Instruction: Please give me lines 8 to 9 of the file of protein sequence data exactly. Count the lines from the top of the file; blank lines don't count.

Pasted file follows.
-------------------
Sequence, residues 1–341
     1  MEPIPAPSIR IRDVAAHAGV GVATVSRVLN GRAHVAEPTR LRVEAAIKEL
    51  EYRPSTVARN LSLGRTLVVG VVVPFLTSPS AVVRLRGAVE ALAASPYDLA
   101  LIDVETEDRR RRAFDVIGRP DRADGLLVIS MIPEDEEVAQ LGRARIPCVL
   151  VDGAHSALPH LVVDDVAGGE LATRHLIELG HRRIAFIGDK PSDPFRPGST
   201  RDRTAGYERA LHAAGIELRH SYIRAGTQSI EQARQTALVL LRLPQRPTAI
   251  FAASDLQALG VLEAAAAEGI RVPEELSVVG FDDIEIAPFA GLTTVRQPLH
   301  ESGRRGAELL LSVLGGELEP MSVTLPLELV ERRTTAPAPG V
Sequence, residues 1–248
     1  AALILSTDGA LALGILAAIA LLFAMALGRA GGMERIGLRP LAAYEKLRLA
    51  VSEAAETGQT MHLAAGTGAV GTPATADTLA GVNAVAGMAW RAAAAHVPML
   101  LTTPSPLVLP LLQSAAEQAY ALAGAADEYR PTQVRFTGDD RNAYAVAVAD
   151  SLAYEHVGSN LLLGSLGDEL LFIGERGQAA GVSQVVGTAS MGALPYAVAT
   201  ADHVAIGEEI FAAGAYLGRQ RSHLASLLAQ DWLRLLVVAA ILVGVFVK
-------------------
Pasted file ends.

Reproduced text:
   301  ESGRRGAELL LSVLGGELEP MSVTLPLELV ERRTTAPAPG V
Sequence, residues 1–248